|By Manoj Kumar1/3 |By Manoj Kumar
|By Manoj Kumar2/3 |By Manoj Kumar
|By Manoj Kumar3/3 |By Manoj Kumar
By Manoj Kumar
NEW DELHI (Reuters) - India's finance minister is likely to borrow more than originally planned when he presents the budget on Feb. 1, senior aides and officials said, despite counting on revenues from a national sales tax whose launch date is still unknown.
Arun Jaitley is looking at how to fund giveaways to taxpayers and higher public investment to help nurse Asia's third-largest economy back to health after the government's shock decision in November to abolish high-value banknotes.
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That is raising concern among some economists and investors that the government will take too many fiscal risks.
Yet officials say that, given the choice, they would choose growth sustained by state investment over a fiscal straitjacket.
"Some degree of flexibility on fiscal discipline should not be seen as irresponsible fiscal management," one senior government official told Reuters, requesting anonymity due to the sensitivity of the matter.
A fiscal advisory panel, which includes central bank head Urjit Patel, has advocated widening the budget deficit to "slightly over" 3 percent of gross domestic product to free up funds for road, railway and irrigation projects.
"It is not possible to keep up the pace of capital expenditure without increasing the fiscal deficit beyond 3 percent of GDP," another official, briefed on the committee's findings, added.
New Delhi earlier aimed to cut the federal deficit to 3 percent of GDP over the next two fiscal years, compared with 3.5 percent in the year now drawing to a close.
Independent economists are also penciling in a higher federal deficit in the coming fiscal year, at 3.3-3.4 percent of GDP, creating room for the government to invest an extra $6 billion.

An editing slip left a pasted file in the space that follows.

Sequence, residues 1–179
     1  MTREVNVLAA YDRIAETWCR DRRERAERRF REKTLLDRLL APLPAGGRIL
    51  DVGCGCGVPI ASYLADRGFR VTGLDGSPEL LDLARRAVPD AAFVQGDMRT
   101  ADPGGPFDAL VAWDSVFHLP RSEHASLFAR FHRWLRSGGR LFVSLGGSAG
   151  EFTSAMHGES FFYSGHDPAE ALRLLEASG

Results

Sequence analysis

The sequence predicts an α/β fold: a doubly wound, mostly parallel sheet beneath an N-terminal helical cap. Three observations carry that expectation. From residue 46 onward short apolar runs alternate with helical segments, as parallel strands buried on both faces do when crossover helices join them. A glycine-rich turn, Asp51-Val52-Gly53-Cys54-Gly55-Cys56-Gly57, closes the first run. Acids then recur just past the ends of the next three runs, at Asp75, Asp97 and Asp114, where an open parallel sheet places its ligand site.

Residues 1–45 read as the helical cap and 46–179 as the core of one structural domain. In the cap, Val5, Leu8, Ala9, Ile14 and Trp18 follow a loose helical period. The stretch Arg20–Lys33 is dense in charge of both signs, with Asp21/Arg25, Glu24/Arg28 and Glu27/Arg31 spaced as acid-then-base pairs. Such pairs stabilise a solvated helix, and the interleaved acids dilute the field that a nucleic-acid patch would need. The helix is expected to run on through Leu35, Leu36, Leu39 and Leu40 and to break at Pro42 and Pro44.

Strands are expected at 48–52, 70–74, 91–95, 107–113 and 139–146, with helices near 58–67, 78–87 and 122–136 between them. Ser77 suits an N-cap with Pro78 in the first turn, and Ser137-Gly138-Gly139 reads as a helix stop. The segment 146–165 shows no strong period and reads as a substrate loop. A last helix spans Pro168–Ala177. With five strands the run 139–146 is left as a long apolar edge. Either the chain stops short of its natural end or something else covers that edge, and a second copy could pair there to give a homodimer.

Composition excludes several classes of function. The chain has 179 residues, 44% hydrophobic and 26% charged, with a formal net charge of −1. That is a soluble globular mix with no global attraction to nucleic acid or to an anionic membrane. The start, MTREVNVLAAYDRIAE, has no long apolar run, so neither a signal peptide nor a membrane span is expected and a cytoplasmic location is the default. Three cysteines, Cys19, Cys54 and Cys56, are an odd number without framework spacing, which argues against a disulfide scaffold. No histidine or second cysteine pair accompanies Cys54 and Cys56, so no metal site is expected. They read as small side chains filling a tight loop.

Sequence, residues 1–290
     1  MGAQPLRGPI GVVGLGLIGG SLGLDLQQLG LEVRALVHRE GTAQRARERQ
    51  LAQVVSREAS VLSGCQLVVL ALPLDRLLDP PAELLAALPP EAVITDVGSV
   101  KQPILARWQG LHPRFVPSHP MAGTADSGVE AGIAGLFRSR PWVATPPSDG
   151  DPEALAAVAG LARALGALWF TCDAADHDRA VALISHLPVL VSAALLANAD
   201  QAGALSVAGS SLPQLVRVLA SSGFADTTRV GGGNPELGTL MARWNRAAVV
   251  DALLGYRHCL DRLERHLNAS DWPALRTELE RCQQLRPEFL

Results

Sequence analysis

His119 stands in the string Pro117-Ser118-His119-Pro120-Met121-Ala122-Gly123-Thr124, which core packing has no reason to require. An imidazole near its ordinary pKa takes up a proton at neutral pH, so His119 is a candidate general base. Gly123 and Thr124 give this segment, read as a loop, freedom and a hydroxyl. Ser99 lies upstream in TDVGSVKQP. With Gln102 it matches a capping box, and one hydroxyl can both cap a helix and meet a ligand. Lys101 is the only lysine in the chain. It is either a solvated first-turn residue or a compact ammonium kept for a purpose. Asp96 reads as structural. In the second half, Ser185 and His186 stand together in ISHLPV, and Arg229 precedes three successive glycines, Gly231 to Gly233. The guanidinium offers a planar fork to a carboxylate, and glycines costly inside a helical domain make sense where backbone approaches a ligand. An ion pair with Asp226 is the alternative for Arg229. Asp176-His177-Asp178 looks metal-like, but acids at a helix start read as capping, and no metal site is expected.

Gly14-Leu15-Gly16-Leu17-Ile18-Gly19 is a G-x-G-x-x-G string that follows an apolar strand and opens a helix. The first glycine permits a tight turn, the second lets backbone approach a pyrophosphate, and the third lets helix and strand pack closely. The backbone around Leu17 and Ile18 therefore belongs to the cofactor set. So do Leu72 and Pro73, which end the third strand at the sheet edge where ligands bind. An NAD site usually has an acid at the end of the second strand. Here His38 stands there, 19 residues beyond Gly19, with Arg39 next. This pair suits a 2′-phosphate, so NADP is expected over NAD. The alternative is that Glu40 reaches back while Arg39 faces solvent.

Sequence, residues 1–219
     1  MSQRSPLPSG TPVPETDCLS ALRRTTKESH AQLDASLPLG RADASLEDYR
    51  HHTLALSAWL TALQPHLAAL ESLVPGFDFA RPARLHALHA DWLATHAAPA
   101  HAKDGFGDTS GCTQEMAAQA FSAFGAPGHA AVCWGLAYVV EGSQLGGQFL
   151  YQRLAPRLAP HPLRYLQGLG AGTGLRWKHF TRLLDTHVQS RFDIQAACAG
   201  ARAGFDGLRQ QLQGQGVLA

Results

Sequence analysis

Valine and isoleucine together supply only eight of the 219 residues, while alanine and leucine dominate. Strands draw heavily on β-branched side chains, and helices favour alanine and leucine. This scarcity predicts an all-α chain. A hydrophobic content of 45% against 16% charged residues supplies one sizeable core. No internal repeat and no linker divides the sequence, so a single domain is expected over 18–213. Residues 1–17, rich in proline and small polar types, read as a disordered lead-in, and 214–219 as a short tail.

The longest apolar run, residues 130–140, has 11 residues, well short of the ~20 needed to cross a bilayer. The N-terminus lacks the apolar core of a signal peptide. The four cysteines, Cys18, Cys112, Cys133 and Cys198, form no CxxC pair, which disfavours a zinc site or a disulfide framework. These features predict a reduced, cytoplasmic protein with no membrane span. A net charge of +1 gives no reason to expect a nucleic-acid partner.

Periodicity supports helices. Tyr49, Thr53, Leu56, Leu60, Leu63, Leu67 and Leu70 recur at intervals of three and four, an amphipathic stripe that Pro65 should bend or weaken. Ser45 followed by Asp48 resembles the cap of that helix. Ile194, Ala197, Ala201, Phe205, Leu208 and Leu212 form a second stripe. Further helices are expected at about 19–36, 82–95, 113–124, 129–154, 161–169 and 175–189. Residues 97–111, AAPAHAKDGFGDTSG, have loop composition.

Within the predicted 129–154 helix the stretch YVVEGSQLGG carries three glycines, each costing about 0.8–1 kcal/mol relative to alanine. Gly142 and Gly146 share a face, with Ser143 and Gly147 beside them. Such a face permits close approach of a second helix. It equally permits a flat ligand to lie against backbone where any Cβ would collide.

That has drawn a warning from ratings agency Standard & Poor's, which says that slowing the pace of fiscal consolidation could delay India's chances of an upgrade due to its high and rising debt levels.
Jaitley's team forecasts a recovery in nominal GDP growth, the key driver of tax revenues, to around 12 percent in 2017/18.
Yet that assumes oil prices of $55-60 per barrel and a long-delayed Goods and Services Tax being implemented in July.
And the economy is still getting over the shock of Prime Minister Narendra Modi's decision in November to scrap 86 percent of cash in circulation in a bid to purge the economy of illicit "black money".
The International Monetary Fund has chopped a percentage point off India's forecast of real economic growth to 6.6 percent in the current fiscal year to March, meaning China regains the crown as the world's fastest-growing large economy.
The Washington-based lender has also shaved 0.4 of a percentage point off its forecast for the coming fiscal year.
Finance ministry officials remain tight-lipped about how quickly they expect growth to bounce back after it slowed following so-called demonetization.
International prices for crude oil, India's most expensive import item, could meanwhile overshoot the finance ministry's expectations as exporting nations curb output, hurting the growth and revenue outlook.
"This budget is presented in a very uncertain situation," said N.R. Bhanumurthy, an economist at the National Institute of Public Finance and Policy, a New Delhi think-tank that is partly funded by the government.
Modi faces the imminent verdict of voters in five regional elections, most importantly in the battleground state of Uttar Pradesh that is home to more than 200 million people.
A setback there for his nationalist party could harm his chances of winning a second term in 2019.
Election authorities have barred the government from offering targeted budget 'sops' to buy votes.
And even if the government does ramp up public investment in Jaitley's fourth budget, it has little room for maneuver - nearly nine in every 10 rupees it spends go on servicing debt or paying wages and subsidies.
"It will not be a populist, but a pragmatic budget," said a senior finance ministry official with direct knowledge of budget planning.
(Additional reporting by Rajesh Kumar Singh and Douglas Busvine; Editing by Mike Collett-White)